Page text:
These findings represent six-month estimates based on interviews conducted from July through December 2004 for the BJS National Crime Victimization Survey. The study's preliminary finds were tabulated in April, 2006.

Households headed by young people (18-24 years old), those in urban or suburban areas and those with incomes of $75,000 or more were the most likely to experience identity theft. Victimization did not differ by race or ethnicity.

About one-third of households that were identity theft victims discovered the loss by noticing missing money or unfamiliar charges on an account, and about one-quarter were contacted by a credit bureau. The estimated loss during the 6-month period was about $3.2 billion. This included losses that may have been reimbursed by credit card companies, insurance companies or other financial institutions.

About two-thirds of the households said they lost money. The average loss was $1,290. Some households for which misuse was still ongoing at the time of the interview may have continued to suffer losses.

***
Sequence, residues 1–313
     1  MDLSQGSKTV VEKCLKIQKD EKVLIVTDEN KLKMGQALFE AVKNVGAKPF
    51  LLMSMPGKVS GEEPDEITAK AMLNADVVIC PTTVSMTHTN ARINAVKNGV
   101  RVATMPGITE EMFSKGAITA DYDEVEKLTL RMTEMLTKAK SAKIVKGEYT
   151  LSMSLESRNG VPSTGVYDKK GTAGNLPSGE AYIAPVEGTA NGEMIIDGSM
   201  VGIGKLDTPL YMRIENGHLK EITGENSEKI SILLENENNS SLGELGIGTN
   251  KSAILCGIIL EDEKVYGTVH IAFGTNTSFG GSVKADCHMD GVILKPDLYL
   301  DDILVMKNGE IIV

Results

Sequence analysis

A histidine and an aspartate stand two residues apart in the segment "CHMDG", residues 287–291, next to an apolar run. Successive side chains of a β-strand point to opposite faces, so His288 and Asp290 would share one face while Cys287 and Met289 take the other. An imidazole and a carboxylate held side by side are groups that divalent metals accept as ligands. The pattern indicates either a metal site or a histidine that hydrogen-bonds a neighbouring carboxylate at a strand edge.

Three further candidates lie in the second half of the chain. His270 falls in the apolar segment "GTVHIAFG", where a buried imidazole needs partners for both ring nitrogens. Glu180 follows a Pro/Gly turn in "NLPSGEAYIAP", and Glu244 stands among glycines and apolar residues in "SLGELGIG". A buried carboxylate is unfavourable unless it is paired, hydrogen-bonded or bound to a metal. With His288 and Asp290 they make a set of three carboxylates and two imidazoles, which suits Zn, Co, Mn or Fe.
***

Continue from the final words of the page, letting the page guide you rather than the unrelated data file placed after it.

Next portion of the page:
About one-quarter of all victimized households said the misuse had not stopped. The misuse was more likely to have stopped for households experiencing credit card theft (78 percent) than those experiencing theft of other existing accounts (65 percent) or the misuse of personal information (54 percent).

One-third of the victimized households experienced one or more problems caused by identity theft. The most common problem was being contacted by a debt collector (34 percent), followed by problems with bank accounts (31 percent) and credit cards (26 percent)

About one in five households spent at least one month resolving their problems. One-third said the problems were resolved in one day. At the time of the interview about one-sixth said the misuse was still causing problems.

The survey questions were asked of one household member, who provided information about other property crimes the entire household may have suffered. The survey did not obtain information on which household members were victims.

Identity theft questions were added to the BJS crime survey in July 2004. Only 6 months of data were available for analysis. Annual prevalence estimates will be published when data are available for 2005.